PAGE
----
As promised, my slides from the Jackson Fish Market talk. They got a little munged in converting from Powerpoint, and they probably won’t make much sense by themselves, being mostly pictures, but maybe it will be like that game where you get to make up a story to go along with a comic. Imagine that instead of talking about beekeeping and technology, I’m actually talking about Keynsian economics.
Just finishing up prepping my beekeeping talk for tomorrow night’s talk at Jackson Fish Market’s product launch. If you’re in Seattle, stop by. Hopefully, the fact that I’m somehow trying to cover agriculture, algorithms, art and the apocalypse all in 10 minutes will be rendered less bewildering by a delightful and distracting stream of pretty pictures. I’ll post the slides when I’m done.
In strictly beekeeping news, the two new colonies are busy cleaning out the moldy frames I left them. They’ve been a bit hampered by the bizarre weather we’ve had here in Seattle (78 degrees last weekend, then snow and hail for the last three days), given the piles of chewed wax and old pollen on their stoops, they’re busy inside.
The bee Santa Claus came to town today, and I felt just like a kid on Christmas morning…a Christian kid…cuz I’m Jewish, so Christmas morning was kind of a non-event in our house…
But please, don’t let my desire for precision interfere with the metaphor here. The point is, it was a big day, because the bees arrived.
I got the call from Richard around 2 p.m. letting me know he’d gone to Beez Neez and picked up my new girls, plus Alyssa‘s as well. Richard is a new beekeeper, so I headed over to his place to walk him through the hiving process. It’s ridiculously simple, but it’s still nice to have an experienced hand around. Richard was a champ.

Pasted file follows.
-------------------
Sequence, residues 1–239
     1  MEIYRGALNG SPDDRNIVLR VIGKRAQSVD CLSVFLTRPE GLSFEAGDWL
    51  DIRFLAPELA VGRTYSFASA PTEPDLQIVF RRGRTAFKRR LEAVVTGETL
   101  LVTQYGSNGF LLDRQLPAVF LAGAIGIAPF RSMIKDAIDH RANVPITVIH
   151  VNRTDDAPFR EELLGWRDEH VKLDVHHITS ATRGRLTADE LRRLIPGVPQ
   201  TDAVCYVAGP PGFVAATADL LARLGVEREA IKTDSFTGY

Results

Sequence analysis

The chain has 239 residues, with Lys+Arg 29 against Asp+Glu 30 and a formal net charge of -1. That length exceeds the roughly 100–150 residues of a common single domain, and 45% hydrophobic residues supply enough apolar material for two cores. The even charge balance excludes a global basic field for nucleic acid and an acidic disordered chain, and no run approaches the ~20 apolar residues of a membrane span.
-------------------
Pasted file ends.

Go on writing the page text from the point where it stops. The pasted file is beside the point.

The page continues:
I was interested in his hive set-up. Instead of a simple plank for a bottom board (translation: bee house floor), he had a mesh screen with a removal tray underneath. I’d read about these, but hadn’t seen one in the
flesh wood. They’re useful for counting mites (which fall through the mesh) and generally for keeping things clean. I gotta get me one of those. Maybe for bee Chanukah.
Once Richard’s girls were settled in, I head back across 520 (Question: Do 50,000 bees qualify you for the carpool lane?) with Alyssa’s bees and my own to get my two colonies settled in.
My frames had a fair amount of mold on them from being in the garage with uncapped honey and leftover pollen all winter, but I’m not particularly worried. The bees are industrious housecleaners and should have it tidied up in no time.
It was a pleasure going through the simple motions of hiving them: spraying them down with a bit of sugar syrup, pulling the queen in her little cage out, popping a marshmallow in the end, settling her in, then pouring the rest of the bees out into the hive. The smell was a mixture of honeycomb and slightly humid poo (they’d been caged up for a few days and took the opportunity to relieve themselves, leading to that familiar rain-like tappity-tap sound of bees crapping all over my yard).
Alyssa womanned the camera while I poured the first hive, but five or six feisty ones took exception to her shampoo and burrowed in. The sound of a furious bee in one’s hair is one that I’ll just never get used to. You know the sting is coming and there’s not much you can do about it, and the rattlesnake warning of its wings tangling up just makes it worse. We spent a joyful few minutes ferreting them out of her scalp and sent her home to take care of her own hives (in a suit!)
Within 15 minutes, my girls were hauling debris out the front door, so I’ve little worry they’ll enjoy their new home. Can’t wait to get out in the morning and see exploring.
My new colonies of bees arrive Wednesday! I’ll let you know how it goes, and I’ll be helping Richard, an old friend and a new beekeeper, get his hives set up.
(Thanks Boing Boing)